Oregon Lawmakers Mull Erasing Marijuana Arrests

OREGON:   Lawmakers are mulling over two bills that could erase marijuana arrests or reduce sentences for certain Oregonians ahead of recreational pot becoming legal in July.

If you were cited with a marijuana-related crime that would have sent you to jail under newer laws, you’re likely not going to get a break. However, if you were cited with possession of one ounce of pot or growing four plants in your home, your charges could be dropped because Measure 91 legalizes those acts.

Supporters of the bills say it will free-up law enforcement and cut down court and jail costs.

“We know the costs add up, regardless of what they may be, we know this will save resources, save time and allow people to move on with their lives, for something that 57 percent of Oregonians say should be legal as of July 1,” New Approach Oregon Executive Director Anthony Johnson said.


Oregon Marijuana Legalization: Ten Most Important Things To Know

OREGON:  This week, New Approach Oregon announced they had turned in enough signatures to qualify alegalization initiative for the November ballot. Here’s the ten most important things you need to know.

OREGON IS WASTING MONEY: The state issued 12,808 citations for marijuana in 2012, the most recent year for which there is data. That’s one person every 41 minutes. More than half of all drug arrests in Oregon are for pot, and 90 percent of pot possession incidents involve less than an ounce. About 174 people are in state prison in Oregon for pot at a cost of $30,000 per year per person.

IT’S RACIST: Despite similar usage rates as whites, people of color are 2.1 times more likely to be arrested for pot.

21 AND OVER: The measure would legalize use of pot by adults 21 and over, while keeping felonies for sales to those under age 21. The initiative would ban public use of pot and regulate the amount to be purchased.


Recreational Marijuana Qualifies For Oregon Ballot

OREGON:  Oregon voters will decide whether to legalize marijuana for recreational use after state elections officials on Tuesday said the measure qualified for the November ballot.

The measure would allow adults 21 and older to buy and possess marijuana and would give the Oregon Liquor Control Commission the job of regulating and taxing the drug.

Voters rejected a legalization measure two years ago, but little money was spent promoting it. By contrast, New Approach Oregon, the group behind the initiative, has received contributions from some of the same donors who backed successful marijuana initiatives in Washington and Colorado.

The group submitted roughly 88,500 valid signatures — about 1,400 more than required, election workers said.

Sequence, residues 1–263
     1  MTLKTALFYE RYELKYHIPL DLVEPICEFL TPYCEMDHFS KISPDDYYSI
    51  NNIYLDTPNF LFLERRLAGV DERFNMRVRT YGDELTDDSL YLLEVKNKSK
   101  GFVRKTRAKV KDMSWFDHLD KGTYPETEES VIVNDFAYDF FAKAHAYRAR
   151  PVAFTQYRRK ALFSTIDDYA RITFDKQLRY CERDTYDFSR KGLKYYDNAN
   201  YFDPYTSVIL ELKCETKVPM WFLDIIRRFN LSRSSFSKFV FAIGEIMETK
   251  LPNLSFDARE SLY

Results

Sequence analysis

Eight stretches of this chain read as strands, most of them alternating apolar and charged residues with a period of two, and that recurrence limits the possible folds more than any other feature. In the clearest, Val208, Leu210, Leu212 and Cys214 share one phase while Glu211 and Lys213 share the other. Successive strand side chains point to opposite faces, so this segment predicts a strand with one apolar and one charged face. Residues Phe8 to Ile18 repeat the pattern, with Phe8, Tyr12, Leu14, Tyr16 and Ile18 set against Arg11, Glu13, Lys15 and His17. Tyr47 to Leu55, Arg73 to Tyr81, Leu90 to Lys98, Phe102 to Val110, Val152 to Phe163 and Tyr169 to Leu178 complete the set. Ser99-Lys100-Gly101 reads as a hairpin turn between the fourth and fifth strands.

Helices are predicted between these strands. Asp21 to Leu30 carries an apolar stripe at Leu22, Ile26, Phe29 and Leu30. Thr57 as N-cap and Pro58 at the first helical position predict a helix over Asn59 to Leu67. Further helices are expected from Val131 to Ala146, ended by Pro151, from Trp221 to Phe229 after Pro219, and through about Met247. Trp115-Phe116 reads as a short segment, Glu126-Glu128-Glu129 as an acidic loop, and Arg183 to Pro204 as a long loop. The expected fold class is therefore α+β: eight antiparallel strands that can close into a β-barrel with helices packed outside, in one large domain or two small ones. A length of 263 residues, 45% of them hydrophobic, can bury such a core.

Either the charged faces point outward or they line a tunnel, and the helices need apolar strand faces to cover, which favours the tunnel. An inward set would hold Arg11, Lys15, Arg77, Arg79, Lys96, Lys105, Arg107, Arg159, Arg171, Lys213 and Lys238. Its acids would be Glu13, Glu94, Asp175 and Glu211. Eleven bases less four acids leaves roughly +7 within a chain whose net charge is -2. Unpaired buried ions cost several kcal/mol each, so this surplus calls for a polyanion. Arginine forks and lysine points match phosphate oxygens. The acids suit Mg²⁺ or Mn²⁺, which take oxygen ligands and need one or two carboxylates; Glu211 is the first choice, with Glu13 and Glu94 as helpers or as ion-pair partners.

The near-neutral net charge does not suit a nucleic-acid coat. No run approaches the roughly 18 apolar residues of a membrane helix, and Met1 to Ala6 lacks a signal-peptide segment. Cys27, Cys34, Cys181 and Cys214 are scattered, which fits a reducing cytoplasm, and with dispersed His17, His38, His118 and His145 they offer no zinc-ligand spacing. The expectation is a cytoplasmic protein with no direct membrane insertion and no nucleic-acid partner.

“We will ensure that all voters are aware that this is a completely different measure than the measure in 2012,” said Anthony Johnson, director of New Approach Oregon. “This measure is much more regulated and restrictive, and we’ve taken the best from Colorado and Washington and believe that Oregonians are ready to pass a well-regulated measure such as this one.”


Oregon Pot Advocates To Submit Signatures For November Vote

OREGON:  Advocates of legal recreational marijuana in Oregon plan to submit a ballot petition with more than 145,000 signatures on Thursday to force a vote in November on legalizing pot.

“We are confident that our measure to regulate, legalize and tax marijuana will qualify for the November ballot and that Oregonians are open to the case for a smarter and more responsible approach to marijuana,” said Peter Zuckerman, spokesman for New Approach Oregon, the group behind the measure.

A separate marijuana ballot measure was dropped for lack of signatures. To get on the ballot in Oregon, New Approach Oregon needs to turn in 87,213 valid signatures by July 3.



Oregon Marijuana Legalization Campaign Receives $100,000 From New York Heir To Fragrance Fortune

OREGON:  New Approach Oregon, a group backing a proposed initiative to legalize marijuana, has just reported receiving a $100,000 donation from Henry van Ameringen, the New York-based heir to a fragrance company fortune.

The contribution provides an important financial boost to a campaign that is just starting its signature gathering and had not reported receiving any significant contributions since insurance magnate Peter Lewis gave $64,000 back in October. Lewis, a frequent contributor to marijuana legalization efforts, died a month later.

Van Ameringen, an heir to International Flavors & Fragrance, has also contributed to pro-marijuana efforts in other states.

With National Backing, Marijuana Advocates in Oregon File Legalization Measure

OREGON: Backed by national donors, an Oregon pro-marijuana group on Friday filed an initiative with the secretary of state aimed at following Washington and Colorado’s first-in-the-nation ballot legalization measures.

New Approach Oregon said it will first push for legislators to refer their new measure to the November, 2014 ballot.  [Read more…]

Oregon 2014 Marijuana Legalization Initiative Likely

OREGON: Oregon activists organized as New Approach Oregon will try to put a marijuana legalization initiative on the November 2014 ballot, the leader of the group told the Willamette Week this week. The move comes after an effort in the legislature to put the issue before voters didn’t bear fruit.

“Our coalition is moving forward with a legalization measure to end cannabis prohibition in Oregon in the 2014 election,” said New Approach Oregon director Anthony Johnson.
Johnson said the Oregonians were working with Drug Policy Alliance (DPA), a move that should help with funding. Fundraising was a key shortcoming of the failed 2012 marijuana legalization Measure 80 initiative campaign headed by Paul Stanford.
Stanford filed two new initiatives in June, but it’s not clear if he’s going to move forward with them.
“DPA will help us draft the measure that we’ll move forward in 2014,” Johnson said.